Home Office Efficiency, Creativity and the Human Element: Technology is NOT the Solution

Part 1 of 2

As a small business owner, freelancer, or tele-communter you need to be efficient with the many aspects of your home office and business. The marketplace keeps selling you on technology as the answer. If you use the “right” computer, smartphone, tablet, peripheral, software or social media your work will be easier, faster and more profitable.

I recently saw a video on professional and personal productivity in the future. 

Two things struck me about this vision of our technological future:

  1. How everyone’s choices were preselected by a computer, from the traveling business woman to her child at home.
  2. How is wasn’t until 3:37 minutes into this 6:17 minute video that there was any human-to-human interaction – and that conversation was to supplement what was portrayed on a computer tablet.

As a micropreneur you provide something that is unique, that larger businesses can’t provide. People are looking for customized solutions to their problems. That is why people are knocking on your virtual door.

Problem solving is creativity.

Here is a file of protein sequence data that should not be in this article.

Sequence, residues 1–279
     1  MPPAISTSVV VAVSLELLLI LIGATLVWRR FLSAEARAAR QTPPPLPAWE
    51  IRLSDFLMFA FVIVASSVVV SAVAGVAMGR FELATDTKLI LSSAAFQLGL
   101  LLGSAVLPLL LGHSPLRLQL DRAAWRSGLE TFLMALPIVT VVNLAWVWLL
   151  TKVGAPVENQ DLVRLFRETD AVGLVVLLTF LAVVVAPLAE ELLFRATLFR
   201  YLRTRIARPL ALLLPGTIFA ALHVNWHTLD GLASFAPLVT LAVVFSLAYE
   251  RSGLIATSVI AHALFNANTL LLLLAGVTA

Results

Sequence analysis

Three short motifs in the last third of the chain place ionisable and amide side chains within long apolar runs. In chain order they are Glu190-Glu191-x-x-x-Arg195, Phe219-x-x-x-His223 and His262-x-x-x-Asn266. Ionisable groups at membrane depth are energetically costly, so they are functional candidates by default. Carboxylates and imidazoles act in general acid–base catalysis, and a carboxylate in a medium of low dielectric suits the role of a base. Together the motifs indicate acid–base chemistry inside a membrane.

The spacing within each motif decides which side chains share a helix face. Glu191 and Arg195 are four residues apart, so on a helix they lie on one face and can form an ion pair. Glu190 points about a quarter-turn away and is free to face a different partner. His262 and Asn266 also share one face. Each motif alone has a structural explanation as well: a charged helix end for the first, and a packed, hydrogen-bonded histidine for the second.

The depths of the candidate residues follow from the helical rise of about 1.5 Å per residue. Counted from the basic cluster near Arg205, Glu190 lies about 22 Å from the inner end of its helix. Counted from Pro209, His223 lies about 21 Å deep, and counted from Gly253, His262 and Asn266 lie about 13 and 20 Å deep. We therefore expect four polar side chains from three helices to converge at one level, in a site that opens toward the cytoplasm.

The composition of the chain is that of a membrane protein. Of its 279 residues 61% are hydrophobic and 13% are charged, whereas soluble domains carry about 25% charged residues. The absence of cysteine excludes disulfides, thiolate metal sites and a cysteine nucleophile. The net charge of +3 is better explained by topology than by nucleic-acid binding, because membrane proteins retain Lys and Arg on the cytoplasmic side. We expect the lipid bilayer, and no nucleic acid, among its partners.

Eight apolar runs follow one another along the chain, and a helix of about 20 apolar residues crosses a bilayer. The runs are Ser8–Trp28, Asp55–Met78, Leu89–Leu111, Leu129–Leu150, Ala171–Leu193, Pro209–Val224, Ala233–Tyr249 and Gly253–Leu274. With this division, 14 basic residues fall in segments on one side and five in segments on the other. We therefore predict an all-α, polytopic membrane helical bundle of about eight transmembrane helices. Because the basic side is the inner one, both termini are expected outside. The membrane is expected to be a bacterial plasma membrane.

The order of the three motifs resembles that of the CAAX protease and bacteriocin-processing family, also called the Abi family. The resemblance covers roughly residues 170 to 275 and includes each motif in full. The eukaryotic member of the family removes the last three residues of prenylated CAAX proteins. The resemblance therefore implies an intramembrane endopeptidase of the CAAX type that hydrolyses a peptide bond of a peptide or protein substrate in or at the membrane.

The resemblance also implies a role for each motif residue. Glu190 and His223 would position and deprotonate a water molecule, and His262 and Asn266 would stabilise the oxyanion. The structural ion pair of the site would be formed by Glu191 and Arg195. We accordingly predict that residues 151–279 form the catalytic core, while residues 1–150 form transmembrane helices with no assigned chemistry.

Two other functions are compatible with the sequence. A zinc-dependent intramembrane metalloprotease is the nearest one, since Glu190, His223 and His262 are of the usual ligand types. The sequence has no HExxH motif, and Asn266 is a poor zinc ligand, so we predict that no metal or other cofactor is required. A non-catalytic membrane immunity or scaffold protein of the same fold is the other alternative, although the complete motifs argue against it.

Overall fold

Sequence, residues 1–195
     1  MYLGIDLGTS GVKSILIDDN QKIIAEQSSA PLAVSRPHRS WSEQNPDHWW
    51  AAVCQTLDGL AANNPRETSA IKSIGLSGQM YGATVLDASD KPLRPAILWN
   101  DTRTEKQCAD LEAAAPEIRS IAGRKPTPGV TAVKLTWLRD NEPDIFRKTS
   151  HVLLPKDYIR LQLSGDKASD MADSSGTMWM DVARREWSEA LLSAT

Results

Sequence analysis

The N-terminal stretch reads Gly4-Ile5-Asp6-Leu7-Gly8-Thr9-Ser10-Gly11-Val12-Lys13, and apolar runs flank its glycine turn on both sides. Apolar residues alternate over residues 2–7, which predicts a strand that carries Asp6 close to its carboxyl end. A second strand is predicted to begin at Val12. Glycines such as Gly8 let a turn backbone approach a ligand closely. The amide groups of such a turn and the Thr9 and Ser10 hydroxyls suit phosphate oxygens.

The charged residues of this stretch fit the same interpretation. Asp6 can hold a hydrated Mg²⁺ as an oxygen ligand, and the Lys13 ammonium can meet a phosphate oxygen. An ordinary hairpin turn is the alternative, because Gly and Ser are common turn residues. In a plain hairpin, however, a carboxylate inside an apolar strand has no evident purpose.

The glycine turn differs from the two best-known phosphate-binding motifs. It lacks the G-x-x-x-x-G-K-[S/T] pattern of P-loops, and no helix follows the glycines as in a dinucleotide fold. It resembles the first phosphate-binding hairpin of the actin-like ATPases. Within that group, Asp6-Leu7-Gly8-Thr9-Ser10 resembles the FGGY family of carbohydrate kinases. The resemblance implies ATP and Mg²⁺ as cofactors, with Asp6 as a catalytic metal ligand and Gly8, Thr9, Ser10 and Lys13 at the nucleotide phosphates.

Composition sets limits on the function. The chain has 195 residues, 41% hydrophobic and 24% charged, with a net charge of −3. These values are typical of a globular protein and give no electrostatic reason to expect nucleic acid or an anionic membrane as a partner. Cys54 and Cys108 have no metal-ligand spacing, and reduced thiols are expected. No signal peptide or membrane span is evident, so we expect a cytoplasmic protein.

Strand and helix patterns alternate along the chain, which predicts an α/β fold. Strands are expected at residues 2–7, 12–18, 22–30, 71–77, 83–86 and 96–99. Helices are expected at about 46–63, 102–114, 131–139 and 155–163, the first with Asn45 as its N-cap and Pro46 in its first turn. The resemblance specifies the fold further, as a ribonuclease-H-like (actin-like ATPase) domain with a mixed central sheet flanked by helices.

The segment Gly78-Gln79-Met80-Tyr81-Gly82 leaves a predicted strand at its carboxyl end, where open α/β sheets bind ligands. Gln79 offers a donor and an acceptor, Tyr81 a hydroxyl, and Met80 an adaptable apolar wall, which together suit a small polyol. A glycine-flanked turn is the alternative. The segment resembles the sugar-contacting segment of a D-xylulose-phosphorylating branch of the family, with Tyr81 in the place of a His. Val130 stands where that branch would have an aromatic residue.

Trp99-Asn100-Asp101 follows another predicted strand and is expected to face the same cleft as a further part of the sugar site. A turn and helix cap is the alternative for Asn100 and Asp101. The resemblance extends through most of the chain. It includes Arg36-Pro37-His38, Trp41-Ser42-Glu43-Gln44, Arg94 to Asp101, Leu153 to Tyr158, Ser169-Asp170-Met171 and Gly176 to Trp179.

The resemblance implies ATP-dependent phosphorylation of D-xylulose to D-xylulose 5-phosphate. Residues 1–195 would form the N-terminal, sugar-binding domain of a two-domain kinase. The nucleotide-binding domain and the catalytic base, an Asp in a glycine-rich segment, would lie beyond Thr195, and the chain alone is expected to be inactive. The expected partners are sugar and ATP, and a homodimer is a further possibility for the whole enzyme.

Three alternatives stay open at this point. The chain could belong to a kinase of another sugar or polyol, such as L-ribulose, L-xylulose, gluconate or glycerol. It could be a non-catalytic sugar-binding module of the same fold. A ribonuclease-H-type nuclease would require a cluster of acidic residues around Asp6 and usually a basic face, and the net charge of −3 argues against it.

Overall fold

This requires time away from your computer.  Technology as the source of all solutions is a major flaw in this video vision of the future.  John Cleese (of “Fawlty Towers” and Monty Python fame) gave a talk on the two essentials of true creativity. Neither of these needed to be plugged-in. http://www.thesmarterhomeoffice.com/2010/john-cleese-creativity-space-time-boundaries/ Nancy Duarte author of Slide-ology tells you the first step of creating a Powerpoint presentation is to turn off your computer and work with pencil and paper. Ethan Watrall and Jeff Siarto of Head First Web Design say start with mock-up sketches in pencil and storyboards. And these authors are experts where the medium is a big part of the message.

Ideas come before technology.

Exploring and mapping ideas and options on paper will make your computer work faster and more focused. A colleague was stunned when I told her that I wrote the first draft of my blog posts on paper and then edited and refined them on my computer. She thought all writers worked directly on a computer or typewriter. She thought something was wrong with her because writing this way did not come easily to her. (If you can compose directly on a computer, you have my respect and envy.) Technology is linear, the human brain works in an organic (non-linear) and infinite way. Starting with paper and pencil facilitates this non-linear thinking, which makes creative connections that linear thinking simply cannot.

What do you think of the futuristic video? What parts did you like? What parts didn’t you like? Please share your thoughts in the comments below.

Next week’s blog will be about isolation and the home office. How it depletes your problem solving abilities, how technology is NOT the solution and some strategies than really work.